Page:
Less than a month after its unveiling at Apple's Worldwide Developers Conference in June, macOS Sierra arrived today for beta testers who have signed up to try Apple's new desktop operating system. This is the third year in a row Apple has offered a public beta of an upcoming desktop OS.
This year the Mac platform gets some significant enhancements, with Sierra bringing one notable feature that promises to change how users interact with their Mac. After teasing users in 2015 with a revamped Spotlight in OS X El Capitan that understood sophisticated requests, Sierra finally brings Siri to the Mac.
Siri's integration means you'll be able to control certain functions on your Mac using natural language voice commands, and Siri on the desktop is just as functional as Siri on the iPhone, and with Mac-specific tricks, too. From what I've seen using the early Sierra betas, I expect to be spending more time talking to my Mac.
Siri is accessed from an icon in the Dock, by invoking a key command or from the menubar.
Sierra gets more than just Siri
Sierra isn't due out in final form until sometime this fall. But beta users, as of today, can check out the tweaks and additions the upgrade offers to make using your Mac a better experience. Those features include picture-in-picture for videos, better photo organization, improved device collaboration via the Universal Clipboard, iCloud Drive (which allows shared Desktop and Documents across all of your Apple devices), and Auto Unlocking your Mac when you wear your Apple Watch (running watchOS 3).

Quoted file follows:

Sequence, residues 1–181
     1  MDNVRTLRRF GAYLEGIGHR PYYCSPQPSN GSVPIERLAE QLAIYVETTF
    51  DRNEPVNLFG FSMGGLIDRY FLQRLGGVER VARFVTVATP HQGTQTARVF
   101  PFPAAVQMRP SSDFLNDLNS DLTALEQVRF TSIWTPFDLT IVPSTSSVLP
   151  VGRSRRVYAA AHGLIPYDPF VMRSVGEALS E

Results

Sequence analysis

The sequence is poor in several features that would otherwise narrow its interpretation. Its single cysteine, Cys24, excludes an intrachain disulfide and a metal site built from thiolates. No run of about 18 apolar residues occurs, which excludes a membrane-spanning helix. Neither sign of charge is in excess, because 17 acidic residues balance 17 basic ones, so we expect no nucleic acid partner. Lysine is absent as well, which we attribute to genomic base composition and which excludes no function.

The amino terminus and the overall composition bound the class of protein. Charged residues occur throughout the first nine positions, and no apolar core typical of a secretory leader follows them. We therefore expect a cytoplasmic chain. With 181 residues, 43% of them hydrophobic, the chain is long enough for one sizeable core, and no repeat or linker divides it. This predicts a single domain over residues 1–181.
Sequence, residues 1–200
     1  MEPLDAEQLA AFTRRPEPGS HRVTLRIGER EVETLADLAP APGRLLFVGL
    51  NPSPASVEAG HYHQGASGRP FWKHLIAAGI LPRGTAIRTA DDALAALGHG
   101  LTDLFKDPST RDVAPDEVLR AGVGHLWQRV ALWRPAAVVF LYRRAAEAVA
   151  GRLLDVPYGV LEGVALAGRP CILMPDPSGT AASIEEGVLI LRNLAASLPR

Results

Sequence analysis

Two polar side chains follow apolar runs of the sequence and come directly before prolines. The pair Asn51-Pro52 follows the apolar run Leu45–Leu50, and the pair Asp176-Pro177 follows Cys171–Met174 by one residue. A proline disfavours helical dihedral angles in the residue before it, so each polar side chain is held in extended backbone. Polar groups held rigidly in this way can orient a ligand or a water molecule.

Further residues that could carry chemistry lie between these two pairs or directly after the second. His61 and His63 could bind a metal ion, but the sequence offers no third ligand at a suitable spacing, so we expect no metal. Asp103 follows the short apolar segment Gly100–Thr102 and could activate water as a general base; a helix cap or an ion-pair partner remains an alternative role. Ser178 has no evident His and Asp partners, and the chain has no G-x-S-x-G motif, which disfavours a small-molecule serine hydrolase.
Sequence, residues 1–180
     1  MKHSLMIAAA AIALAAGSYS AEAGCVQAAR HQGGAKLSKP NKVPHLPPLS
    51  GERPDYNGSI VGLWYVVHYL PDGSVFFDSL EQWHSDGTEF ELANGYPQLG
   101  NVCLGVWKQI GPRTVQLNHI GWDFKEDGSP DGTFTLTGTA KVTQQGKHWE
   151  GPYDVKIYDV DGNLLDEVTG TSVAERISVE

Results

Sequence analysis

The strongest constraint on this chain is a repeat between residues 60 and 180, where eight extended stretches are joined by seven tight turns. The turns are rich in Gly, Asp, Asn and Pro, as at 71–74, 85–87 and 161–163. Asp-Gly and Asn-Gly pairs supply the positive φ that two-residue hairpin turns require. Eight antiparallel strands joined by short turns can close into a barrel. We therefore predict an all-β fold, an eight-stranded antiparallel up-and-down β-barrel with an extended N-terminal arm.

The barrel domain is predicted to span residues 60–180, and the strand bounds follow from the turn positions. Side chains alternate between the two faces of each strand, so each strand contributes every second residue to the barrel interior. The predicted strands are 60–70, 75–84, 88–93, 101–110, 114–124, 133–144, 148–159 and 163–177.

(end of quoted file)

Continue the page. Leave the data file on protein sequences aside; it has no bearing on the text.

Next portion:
macOS Sierra will allow Apple Watch users to unlock their Mac automatically. (The option is tucked away in the Security preferences.)
But the biggest standout feature is Siri, which arrives on the desktop years after its debut as an app in iOS and then as a tent-pole feature for the iPhone platform. Apple now joins the ranks of other big-league developers, including Microsoft, Google and even Amazon, who are rapidly rolling out voice-activated features for their products. (FYI: Siri stacks up well against Cortana.)
Before I get into more details about Sierra, a programming note: If you haven't signed up for Apple's beta program but would like to, you can do so here. Just a warning: this is a beta, so there will likely be issues if you're running this operating system. Apple still has months of work ahead to bring Sierra to its final, shipping form. Remember: before you rush to install it, always have a backup of your computer, and never use a beta on production-critical hardware.
A Siri-ously big deal
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